2001 Simplified Yun 7542, Dayi Mark
The 2001 Simplified Yun 7542 is widely known as one of the top 7542 recipe productions from the Menghai Tea Factory in the last 25 years. A tea that would have been 12.50 RMB (2$ USD) per 357g cake at retail (adjusted for inflation!) now fetches as much as 3000$ USD for a dryly stored version in good condition. One of the last great batches of 7542 made before the 2004 privatization of the company, it comes in several versions: thick and thin paper wrapper batches with a zhongcha mark, and the one being reviewed here, with a Dayi mark. The version with the Dayi mark is significantly less expensive, at about a third of the price of its more conservatively styled counterpart. In all cases, “Simplified Yun” refers to the simplified version of the “Yun” character (云 is the simplified version of 雲, the character for “cloud”) on the wrapper. Below you can see the different versions of the character:
For me as a drinker (as opposed to investor), these are past the point of diminishing returns in their ideal versions, and so I wanted to find a good traditionally stored version with a long period of resting. The result is the tea reviewed below, which was traditionally stored in Hong Kong for an unknown period but which has been in natural dry storage in Taiwan for at least 10 years.
There was a time I would have recoiled from the above sight: a moldy chunk of mashed up old tea… Well, you live, you learn. Here’s another gory photo:
The first time I tried this tea, it was part of a blind TWL tasting, and I was immediately impressed with the belting strength and major uplifting energy. After having it a few more times, the closest tea I could compare it with is the 501-7542.
- Dark red, very clear liquor, clean taste, immediately bitter, with very fast uplifting frisson along the neck and face. The taste is clean mineral style traditional storage. Minimal geosmin, only a tiny hint of root vegetables but mostly the storage is mineral/rocky.
- Rich aged wood incense background. No geosmin, crystal clear red liquor. Oily.
- Arrival is bitter, rich, woody, giving a slow downward wave of pressure, followed by a rush of frisson in the face, shoulders and head. Not a calming energy, this one is more fireworks.
- Reminds me a lot of 501-7542 in the flavour profile of old wood, oily texture, and a subtle plummy juiciness, leading to significant astringency.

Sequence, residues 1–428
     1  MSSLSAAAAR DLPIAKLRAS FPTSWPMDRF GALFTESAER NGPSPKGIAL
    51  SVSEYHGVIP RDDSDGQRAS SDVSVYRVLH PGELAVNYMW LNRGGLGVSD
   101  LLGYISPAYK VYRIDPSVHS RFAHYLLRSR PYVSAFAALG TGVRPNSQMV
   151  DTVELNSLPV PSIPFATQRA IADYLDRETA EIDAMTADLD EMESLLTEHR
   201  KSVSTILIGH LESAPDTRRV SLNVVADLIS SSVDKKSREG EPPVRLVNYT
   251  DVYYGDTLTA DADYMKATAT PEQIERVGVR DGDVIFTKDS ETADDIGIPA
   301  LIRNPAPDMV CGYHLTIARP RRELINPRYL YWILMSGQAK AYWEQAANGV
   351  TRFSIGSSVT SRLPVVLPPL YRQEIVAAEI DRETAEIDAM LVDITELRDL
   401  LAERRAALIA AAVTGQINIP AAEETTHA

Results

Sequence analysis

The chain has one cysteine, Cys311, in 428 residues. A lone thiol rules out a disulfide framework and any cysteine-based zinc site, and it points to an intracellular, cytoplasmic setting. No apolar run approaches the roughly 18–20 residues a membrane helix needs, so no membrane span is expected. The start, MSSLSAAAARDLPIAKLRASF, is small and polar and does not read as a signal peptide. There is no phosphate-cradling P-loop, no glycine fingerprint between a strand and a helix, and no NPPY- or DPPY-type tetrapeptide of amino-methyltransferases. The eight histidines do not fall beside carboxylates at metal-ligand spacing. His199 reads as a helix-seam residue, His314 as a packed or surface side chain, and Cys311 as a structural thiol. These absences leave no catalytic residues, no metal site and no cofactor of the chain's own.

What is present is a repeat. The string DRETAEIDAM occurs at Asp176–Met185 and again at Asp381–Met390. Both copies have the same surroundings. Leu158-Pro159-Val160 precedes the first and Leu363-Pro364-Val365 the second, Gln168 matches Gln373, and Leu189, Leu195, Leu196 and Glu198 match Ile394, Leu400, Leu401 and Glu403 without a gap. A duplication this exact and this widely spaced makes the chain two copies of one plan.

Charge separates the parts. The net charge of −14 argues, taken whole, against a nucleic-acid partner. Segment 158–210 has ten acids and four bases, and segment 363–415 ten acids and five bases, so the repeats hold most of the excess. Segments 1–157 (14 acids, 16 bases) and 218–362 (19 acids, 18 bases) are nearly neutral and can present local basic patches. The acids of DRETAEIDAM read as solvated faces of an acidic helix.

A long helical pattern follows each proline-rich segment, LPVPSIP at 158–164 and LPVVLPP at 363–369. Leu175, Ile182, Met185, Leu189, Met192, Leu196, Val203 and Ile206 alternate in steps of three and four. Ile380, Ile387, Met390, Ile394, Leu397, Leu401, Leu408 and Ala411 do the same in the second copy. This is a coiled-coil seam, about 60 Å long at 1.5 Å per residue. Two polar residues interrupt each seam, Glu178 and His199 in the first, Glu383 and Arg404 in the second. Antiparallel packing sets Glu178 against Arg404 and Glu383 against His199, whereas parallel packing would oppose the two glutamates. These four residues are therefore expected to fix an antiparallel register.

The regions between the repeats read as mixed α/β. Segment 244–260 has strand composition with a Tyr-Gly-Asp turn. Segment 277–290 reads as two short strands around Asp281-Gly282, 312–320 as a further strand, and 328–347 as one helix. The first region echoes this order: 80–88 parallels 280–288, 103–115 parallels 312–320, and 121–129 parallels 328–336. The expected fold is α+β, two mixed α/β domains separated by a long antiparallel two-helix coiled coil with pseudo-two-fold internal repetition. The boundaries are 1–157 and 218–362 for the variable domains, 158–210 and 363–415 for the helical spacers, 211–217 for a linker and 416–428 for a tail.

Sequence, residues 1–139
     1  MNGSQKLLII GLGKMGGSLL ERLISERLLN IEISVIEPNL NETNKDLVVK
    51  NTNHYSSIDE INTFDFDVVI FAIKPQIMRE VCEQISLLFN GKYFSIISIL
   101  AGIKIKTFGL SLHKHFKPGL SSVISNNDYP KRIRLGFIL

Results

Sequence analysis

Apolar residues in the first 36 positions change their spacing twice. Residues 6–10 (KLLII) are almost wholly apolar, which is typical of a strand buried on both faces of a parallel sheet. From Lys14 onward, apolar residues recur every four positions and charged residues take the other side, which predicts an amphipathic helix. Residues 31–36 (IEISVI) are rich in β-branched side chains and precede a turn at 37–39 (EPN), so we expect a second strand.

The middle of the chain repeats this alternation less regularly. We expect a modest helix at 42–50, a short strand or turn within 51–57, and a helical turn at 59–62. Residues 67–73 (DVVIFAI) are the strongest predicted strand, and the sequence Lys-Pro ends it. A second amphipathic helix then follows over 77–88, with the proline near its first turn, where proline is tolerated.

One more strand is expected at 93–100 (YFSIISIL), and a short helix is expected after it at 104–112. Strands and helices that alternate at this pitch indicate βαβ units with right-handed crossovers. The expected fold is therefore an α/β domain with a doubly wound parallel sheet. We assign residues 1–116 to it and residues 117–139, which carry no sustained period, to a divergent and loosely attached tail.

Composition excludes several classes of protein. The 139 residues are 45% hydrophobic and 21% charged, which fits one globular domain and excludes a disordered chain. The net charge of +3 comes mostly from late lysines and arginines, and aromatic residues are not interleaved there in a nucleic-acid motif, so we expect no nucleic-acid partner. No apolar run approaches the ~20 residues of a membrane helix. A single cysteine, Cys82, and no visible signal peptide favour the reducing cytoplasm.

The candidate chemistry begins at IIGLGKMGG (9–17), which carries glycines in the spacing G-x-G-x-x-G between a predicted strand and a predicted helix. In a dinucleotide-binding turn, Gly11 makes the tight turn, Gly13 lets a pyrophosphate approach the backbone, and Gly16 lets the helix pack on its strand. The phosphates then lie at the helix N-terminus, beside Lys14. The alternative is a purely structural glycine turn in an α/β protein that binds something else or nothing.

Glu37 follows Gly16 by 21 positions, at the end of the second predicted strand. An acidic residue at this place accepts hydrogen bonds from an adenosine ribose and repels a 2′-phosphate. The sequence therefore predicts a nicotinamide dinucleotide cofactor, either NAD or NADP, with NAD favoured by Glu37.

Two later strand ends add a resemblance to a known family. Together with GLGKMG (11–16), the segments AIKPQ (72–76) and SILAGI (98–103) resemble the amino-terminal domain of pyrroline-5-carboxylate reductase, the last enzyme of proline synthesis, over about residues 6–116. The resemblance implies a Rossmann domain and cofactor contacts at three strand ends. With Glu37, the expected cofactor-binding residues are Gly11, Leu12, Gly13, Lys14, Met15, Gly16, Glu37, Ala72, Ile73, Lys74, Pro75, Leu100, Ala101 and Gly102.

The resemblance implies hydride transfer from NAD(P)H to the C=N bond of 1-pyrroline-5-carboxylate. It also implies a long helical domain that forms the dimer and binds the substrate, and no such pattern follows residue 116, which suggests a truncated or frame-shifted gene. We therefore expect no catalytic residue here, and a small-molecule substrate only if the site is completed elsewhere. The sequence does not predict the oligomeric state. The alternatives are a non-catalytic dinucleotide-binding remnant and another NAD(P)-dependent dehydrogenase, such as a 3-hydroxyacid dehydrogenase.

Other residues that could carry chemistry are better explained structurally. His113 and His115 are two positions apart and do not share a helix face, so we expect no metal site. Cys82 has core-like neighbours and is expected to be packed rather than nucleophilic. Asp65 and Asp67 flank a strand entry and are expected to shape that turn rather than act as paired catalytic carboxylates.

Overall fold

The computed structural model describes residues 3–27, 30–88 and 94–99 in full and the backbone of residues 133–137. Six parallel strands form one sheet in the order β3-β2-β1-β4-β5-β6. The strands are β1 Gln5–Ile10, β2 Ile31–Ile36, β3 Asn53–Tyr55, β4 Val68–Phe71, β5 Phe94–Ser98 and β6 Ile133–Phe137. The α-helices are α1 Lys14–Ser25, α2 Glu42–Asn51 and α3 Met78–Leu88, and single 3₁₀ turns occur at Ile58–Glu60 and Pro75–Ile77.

- Mid steeps are less bitter, more sweetness, oiliness, thick and concentrated. Juiciness is easier to taste once the bitterness recedes.
- Heat on face now. Sweating. Beefy material, not large but thick and leathery.
- In the late steeps, the taste is at a more normal volume, easier to understand. There is a clear classic Dayi taste, so similar to 501-7542.
This tea appears to be a mix of chopped leaves and intact leaves, and also of tippy and larger leaves. The appearance of the wet leaves is consistent with a lighter traditional storage, and don’t show much toadskin.
I have a low tolerance for geosmin in traditionally stored tea, and this is one of my favourite examples of traditional storage, with very low geosmin and no mothball taste or aroma. I only needed one rinse for this tea and it struck me as extremely clean from the storage point of view.
While I appreciate the traditional storage on this tea, I can’t call it anywhere near mellow or comforting – it has a brutal underlying strength which rewards fast steeps especially at the beginning. It will infuse very quickly and get very bitter, so I recommend fast gongfu for the first 5 steeps, or do a long brew in a large pot. It has an impressive and dynamic energetic effect, major frisson waves and uplift. It also has nice structure, with plenty of acidity, bitterness, and astringency. The overall profile is wood bitters. Less is more when it comes to this tea. 7.7. Highly recommended reference.